ALEXEY ALEXANDROVITCH, on coming back from church service, had spent the whole morning indoors. He had two pieces of business before him that morning: first, to receive and send on a deputation from the native tribes which was on its way to Petersburg, and now at Moscow; secondly, to write the promised letter to the lawyer. The deputation, though it had been summoned at Alexey Alexandrovitchs instigation, was not without its discomforting and even dangerous aspect, and he was very glad he had found it in Moscow. The members of this deputation had not the slightest conception of their duty and the part they were to play. They naïvely believed that it was their business to lay before the commission their needs and the actual condition of things, and to ask assistance of the government, and utterly failed to grasp that some of their statements and requests supported the contention of the enemys side, and so spoiled the whole business. Alexey Alexandrovitch was busily engaged with them for a long while, drew up a programme for them from which they were not to depart, and on dismissing them wrote a letter to Petersburg for the guidance of the deputation. he had his chief support in this affair in the Countess Lidia Ivanovna. She was a specialist in the matter of deputations, and no one knew better than she how to manage them, and put them in the way they should go. Having completed this task, Alexey Alexandrovitch wrote the letter to the lawyer. Without the slightest hesitation he gave him permission to act as he might judge best. In the letter he enclosed three of Vronskys notes to Anna, which were in the portfolio he had taken away.
Since Alexey Alexandrovitch had left home with the intention of not returning to his family again, and since he had been at the lawyers and had spoken, though only to one man, of his intention, since especially he had translated the matter from the world of real life to the world of ink and paper, he had grown more and more used to his own intention, and by now distinctly perceived the feasibility of its execution.
He was sealing the envelope to the lawyer, when he heard the loud tones of Stepan Arkadyevitchs voice. Stepan Arkadyevitch was disputing with Alexey Alexandrovitchs servant, and insisting on being announced.
There, you see, youre talking nonsense, and hes at home! responded Stepan Arkadyevitchs voice, addressing the servant, who had refused to let him in, and taking off his coat as he went, Oblonsky walked into the room. Well, Im awfully glad Ive found you! So I hope Stepan Arkadyevitch began cheerfully.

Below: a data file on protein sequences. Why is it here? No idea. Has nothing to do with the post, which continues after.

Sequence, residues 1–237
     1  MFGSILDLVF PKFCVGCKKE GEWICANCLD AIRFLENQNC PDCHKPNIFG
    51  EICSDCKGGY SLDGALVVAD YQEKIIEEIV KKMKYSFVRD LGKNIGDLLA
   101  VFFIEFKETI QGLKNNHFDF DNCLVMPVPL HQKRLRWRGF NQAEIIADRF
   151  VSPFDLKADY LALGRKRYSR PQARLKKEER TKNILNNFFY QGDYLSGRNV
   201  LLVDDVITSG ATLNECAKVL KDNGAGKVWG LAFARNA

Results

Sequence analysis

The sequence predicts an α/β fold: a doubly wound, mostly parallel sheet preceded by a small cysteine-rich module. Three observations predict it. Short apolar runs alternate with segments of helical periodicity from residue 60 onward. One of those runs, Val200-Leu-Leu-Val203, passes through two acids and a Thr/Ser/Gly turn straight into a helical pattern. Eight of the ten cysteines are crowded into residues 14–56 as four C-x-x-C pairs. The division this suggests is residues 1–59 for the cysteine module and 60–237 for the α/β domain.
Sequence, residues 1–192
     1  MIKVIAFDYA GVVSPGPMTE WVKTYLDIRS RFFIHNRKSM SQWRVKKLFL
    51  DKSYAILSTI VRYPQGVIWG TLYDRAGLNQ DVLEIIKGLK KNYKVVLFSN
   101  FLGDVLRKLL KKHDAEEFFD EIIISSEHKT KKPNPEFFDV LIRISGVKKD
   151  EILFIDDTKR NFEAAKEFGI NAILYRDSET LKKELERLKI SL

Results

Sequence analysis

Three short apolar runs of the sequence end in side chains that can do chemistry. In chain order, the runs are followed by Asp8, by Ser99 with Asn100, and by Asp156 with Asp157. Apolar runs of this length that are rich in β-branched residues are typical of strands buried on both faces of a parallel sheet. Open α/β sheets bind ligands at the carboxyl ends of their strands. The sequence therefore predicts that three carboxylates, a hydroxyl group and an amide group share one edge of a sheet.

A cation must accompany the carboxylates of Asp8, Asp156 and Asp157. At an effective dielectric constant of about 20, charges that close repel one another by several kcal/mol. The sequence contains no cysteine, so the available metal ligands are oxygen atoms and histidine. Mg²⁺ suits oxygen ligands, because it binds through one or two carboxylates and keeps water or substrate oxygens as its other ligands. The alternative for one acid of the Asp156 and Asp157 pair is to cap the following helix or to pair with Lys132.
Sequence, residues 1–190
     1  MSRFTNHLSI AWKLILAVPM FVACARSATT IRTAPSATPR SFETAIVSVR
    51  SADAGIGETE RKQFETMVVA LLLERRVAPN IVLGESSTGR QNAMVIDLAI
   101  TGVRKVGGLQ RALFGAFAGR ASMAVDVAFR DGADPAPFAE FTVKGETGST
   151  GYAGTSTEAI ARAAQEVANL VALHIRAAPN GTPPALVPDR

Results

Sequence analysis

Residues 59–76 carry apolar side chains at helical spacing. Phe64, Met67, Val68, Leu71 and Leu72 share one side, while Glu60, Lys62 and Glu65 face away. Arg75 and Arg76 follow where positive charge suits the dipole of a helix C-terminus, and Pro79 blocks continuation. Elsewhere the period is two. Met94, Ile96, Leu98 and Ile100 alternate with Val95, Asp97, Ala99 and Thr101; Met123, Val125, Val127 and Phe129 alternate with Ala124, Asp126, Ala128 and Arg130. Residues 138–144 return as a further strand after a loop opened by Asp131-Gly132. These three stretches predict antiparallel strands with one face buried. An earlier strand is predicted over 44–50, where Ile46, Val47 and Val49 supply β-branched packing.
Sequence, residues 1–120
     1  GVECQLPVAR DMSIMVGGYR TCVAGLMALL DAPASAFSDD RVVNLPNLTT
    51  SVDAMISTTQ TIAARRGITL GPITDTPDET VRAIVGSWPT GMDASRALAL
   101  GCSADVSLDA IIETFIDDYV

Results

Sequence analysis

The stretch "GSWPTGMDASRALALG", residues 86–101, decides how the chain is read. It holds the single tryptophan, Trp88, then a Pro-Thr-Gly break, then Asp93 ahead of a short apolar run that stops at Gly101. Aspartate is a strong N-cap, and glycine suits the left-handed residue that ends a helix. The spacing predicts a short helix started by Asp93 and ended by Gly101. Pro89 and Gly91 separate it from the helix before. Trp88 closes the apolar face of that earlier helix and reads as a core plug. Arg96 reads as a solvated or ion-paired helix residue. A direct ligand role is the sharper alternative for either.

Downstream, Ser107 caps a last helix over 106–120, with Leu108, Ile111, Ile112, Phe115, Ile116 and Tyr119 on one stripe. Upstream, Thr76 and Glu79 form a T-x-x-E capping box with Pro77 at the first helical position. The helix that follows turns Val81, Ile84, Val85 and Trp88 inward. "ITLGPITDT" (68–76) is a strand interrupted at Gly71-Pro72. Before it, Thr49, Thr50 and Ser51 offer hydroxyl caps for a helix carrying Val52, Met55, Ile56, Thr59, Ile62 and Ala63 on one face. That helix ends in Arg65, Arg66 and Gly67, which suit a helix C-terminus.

Alexey Alexandrovitch had thought to pass at once into those frigid relations in which he ought to stand with the brother of a wife against whom he was beginning a suit for divorce. But he had not taken into account the ocean of kindliness brimming over in the heart of Stepan Arkadyevitch.
Alexey Alexandrovitch sat down, feeling that his words had not had the effect he anticipated, and that it would be unavoidable for him to explain his position, and that, whatever explanations he might make, his relations with his brother-in-law would remain unchanged.
I will say one thing, Alexey Alexandrovitch. I know you for an excellent, upright man; I know Annaexcuse me, I cant change my opinion of herfor a good, an excellent woman; and so, excuse me, I cannot believe it. There is some misunderstanding, said he.
This is awful! said Stepan Arkadyevitch. I would do one thing, Alexey Alexandrovitch. I beseech you, do it! he said. No action has yet been taken, if I understand rightly. Before you take advice, see my wife, talk to her. She loves Anna like a sister, she loves you, and shes a wonderful woman. For Gods sake, talk to her! Do me that favour, I beseech you!
Why so? I dont see that. Allow me to believe that apart from our connection you have for me, at least in part, the same friendly feeling I have always had for you and sincere esteem, said Stepan Arkadyevitch, pressing his hand. Even if your worst suppositions were correct, I dontand never wouldtake on myself to judge either side, and I see no reason why our relations should be affected. But now, do this, come and see my wife.
No; why shouldnt you come to-day to dine, anyway? My wifes expecting you. Please, do come. And, above all, talk it over with her. Shes a wonderful woman. For Gods sake, on my knees, I implore you!
And, anxious to change the conversation, he inquired about what interested them boththe new head of Stepan Arkadyevitchs department, a man not yet old, who had suddenly been promoted to so high a position.
Alexey Alexandrovitch had previously felt no liking for Count Anitchkin, and had always differed from him in his opinions. But now, from a feeling readily comprehensible to officialsthat hatred felt by one who has suffered a defeat in the service for one who has received a promotion, he could not endure him.
Yes, but what is his energy directed to? said Alexey Alexandrovitch. Is he aiming at doing anything, or simply undoing whats been done? Its the great misfortune of our governmentthis paper administration, of which hes a worthy representative.
Really, I dont know what fault one could find with him. His policy I dont know, but one thinghes a very nice fellow, answered Stepan Arkadyevitch. Ive just been seeing him, and hes really a capital fellow. We lunched together, and I taught him how to make, you know that drink, wine and oranges. Its so cooling. And its a wonder he didnt know it. He liked it awfully. No, really, hes a capital fellow.